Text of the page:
No one says the tech boom is over, or even about to falter anytime soon. But many expect some fallout. First, tech and telecom stocks are expensive and volatile. In the U.S., they trade at an average 43 times 2000 earnings, vs. about 25 for other stocks in the Standard & Poor's 500 index. It's much the same in Japan and Europe. "These are highly valued business models," says Otto Waser, chief investment officer at Bank Julius Baer & Co., a private bank in Zurich. "Even a minor disappointment [in earnings] can cause very large corrections in price."
Meanwhile, investors are realizing that some tech companies aren't going to make it. The talk is all about consolidation, shakeout, losers. "Last year you could invest in tech stocks indiscriminately," says Nicholas Sargen, managing director at J.P. Morgan in New York. "Not this year."
And once again, the threat of rate hikes hangs over the U.S. Greenspan is widely expected to raise rates in early February. If investors react badly and begin selling off stocks, that could spell trouble abroad. If too many people dump Amazon.com Inc., who knows how far a stock such as Softbank in Tokyo could fall? "Before, if you were nervous about the U.S., you would diversify by investing in Japan," says Sargen. That doesn't hold true anymore--in the short term, anyway.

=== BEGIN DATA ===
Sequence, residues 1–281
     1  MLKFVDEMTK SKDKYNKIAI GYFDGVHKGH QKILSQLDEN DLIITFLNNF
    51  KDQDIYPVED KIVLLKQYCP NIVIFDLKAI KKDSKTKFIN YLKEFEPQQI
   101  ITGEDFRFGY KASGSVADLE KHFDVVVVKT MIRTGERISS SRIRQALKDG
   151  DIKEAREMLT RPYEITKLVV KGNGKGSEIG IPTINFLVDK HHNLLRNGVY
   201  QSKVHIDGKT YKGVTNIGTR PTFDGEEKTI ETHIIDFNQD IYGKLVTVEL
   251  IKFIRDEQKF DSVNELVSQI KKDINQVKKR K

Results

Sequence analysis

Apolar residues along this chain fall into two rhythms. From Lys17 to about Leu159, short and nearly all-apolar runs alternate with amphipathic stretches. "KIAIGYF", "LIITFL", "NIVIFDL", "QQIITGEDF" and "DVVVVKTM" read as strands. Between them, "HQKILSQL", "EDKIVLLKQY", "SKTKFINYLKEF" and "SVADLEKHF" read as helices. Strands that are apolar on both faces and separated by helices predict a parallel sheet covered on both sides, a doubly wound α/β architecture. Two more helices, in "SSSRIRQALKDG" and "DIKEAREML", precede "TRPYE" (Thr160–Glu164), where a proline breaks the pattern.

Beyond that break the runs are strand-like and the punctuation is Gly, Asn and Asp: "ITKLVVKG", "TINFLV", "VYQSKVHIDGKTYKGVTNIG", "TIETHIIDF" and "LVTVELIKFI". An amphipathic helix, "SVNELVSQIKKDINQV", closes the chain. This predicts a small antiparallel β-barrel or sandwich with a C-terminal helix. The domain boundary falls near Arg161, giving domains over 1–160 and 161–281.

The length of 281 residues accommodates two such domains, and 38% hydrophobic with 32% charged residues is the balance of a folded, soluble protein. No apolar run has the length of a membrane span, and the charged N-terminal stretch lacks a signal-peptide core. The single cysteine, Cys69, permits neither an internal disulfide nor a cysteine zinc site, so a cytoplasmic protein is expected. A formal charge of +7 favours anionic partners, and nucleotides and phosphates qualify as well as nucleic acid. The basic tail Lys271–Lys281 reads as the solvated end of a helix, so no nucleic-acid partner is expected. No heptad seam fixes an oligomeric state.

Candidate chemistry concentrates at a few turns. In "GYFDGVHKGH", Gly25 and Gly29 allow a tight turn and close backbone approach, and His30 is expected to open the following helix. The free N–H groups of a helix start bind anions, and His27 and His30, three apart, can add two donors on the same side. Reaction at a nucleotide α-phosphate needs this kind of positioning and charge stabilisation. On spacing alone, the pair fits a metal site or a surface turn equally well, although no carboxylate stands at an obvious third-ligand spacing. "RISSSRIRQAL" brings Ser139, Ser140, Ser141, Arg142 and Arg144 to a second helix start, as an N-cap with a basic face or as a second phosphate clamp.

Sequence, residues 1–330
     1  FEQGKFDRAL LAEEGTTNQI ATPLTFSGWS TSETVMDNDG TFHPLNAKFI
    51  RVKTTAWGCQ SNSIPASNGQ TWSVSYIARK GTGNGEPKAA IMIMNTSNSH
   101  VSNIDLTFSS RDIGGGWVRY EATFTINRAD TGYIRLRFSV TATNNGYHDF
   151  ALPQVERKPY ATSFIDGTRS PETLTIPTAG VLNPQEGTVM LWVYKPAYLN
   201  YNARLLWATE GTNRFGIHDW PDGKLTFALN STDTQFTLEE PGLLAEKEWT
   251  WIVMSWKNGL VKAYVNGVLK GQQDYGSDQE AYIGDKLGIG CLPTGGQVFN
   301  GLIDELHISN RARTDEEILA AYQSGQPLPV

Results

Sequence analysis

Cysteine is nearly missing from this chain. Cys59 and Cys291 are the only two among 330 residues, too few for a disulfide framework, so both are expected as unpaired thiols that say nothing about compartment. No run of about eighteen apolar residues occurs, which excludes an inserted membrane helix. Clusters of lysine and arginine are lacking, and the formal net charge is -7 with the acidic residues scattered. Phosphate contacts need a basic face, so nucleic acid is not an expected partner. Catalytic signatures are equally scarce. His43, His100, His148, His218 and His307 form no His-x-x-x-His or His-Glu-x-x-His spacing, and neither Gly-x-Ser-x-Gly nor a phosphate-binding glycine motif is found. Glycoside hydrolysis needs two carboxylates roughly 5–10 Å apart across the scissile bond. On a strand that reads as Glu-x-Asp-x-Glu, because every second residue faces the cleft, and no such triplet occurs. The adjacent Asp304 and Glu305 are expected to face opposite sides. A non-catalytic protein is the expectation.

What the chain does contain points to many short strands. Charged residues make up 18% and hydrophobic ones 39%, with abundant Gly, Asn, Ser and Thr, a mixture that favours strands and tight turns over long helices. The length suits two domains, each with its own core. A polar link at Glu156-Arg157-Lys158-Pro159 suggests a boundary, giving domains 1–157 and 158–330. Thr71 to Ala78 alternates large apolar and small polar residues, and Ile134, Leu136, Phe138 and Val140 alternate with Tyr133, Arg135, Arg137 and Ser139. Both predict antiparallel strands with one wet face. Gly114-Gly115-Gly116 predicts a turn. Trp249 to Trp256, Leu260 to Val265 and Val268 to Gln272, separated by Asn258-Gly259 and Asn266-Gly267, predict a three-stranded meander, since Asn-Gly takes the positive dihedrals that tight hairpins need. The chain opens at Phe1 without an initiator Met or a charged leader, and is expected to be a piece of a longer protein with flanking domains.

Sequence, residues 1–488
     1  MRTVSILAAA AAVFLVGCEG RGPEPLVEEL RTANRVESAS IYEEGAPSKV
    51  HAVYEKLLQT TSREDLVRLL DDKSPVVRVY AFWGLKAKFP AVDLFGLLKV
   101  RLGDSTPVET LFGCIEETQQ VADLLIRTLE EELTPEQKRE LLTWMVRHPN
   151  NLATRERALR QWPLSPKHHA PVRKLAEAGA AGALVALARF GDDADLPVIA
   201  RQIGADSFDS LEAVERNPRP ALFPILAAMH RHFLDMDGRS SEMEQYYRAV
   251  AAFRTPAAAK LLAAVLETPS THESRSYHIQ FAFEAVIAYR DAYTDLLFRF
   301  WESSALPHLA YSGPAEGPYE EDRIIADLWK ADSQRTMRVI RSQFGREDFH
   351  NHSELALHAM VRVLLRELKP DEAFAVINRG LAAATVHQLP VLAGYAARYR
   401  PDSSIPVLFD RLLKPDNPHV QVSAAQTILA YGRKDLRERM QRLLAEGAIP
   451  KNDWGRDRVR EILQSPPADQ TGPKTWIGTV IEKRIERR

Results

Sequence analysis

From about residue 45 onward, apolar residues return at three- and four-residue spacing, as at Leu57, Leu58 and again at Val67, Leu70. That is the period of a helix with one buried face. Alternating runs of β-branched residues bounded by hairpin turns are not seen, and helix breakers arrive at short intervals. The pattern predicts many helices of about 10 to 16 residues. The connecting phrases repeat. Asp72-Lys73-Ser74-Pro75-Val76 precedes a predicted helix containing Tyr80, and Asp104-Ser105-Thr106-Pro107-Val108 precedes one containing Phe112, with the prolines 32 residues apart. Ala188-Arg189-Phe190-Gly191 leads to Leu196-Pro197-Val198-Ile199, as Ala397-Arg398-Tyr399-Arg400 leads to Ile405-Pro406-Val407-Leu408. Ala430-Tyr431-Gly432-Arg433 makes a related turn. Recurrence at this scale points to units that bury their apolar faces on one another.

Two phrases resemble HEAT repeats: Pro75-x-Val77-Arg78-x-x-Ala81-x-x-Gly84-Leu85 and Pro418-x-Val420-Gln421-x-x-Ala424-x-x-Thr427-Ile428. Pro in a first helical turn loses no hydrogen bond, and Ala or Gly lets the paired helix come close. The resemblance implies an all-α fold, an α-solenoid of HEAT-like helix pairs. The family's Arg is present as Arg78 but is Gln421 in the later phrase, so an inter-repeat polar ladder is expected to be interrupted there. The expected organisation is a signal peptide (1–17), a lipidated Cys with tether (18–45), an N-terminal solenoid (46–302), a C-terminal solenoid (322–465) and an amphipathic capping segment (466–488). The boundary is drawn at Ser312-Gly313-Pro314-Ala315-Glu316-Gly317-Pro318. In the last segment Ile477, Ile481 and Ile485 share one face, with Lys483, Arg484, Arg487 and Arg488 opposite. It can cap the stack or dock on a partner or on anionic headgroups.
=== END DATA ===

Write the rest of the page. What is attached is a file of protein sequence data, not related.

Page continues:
But don't let the analysts scare you away. In Japan, Net companies are really just coming into their own. Thanks to several new exchanges that cater to startups, "there will be a new stream of Internet companies that offer enormous investment opportunity," says Toby Rodes, Net analyst at Nikko Salomon Smith Barney in Tokyo.WRONG NUMBERS. In Latin America, professional investors see promise in the huge telecom and media companies moving onto the Internet. Mostly, for now, because the stocks are so cheap. "Telmex [Telefonos de Mexico] will be a major Internet asset, but it is trading at ridiculous multiples--and it's making money," says Ed Cabrera, Latin America strategist for Merrill Lynch in New York. Mexico's Televisa media group and Brazil's long-distance telephone company Embratel are other favorites.
European managers such as Fleming's Campbell are putting money into Internet infrastructure and security companies, e-commerce software outfits, and technology consultants. In particular, he likes consulting firms such as Sweden's Framtidsfabriken and Germany's Pixelpark, as well as software company Stonesoft in Finland. Anything, that is, but dot.coms. "The barriers to entry are too low there," he says. Telecom stocks, which account for 14% of Europe's market capitalization, are also promising--for the next six or so months, according to James Downie, telecom analyst at ABN Amro in London. As these companies develop their Internet strategies, their stock price should go up. But Downie believes they may have underestimated the cost of putting in broadband infrastructure.
When it comes to playing global markets this year, Tim Woolley, portfolio manager of the Henderson Horizon Global Technology Fund, the No. 6-ranked offshore fund, probably sums up the current state of New Economy investing best: "Tech has been a great growth area to make money. Now, though, people's expectations have to be reset."
Woolley says you should get used to returns closer to 15% or 20%. He calls those kind of figures historic. You might prefer to think of them as early 21st century.By Susan Berfield in New York, with Sharon Reier in Paris, Elisabeth Malkin in Mexico City, and Miki Tanikawa in TokyoReturn to top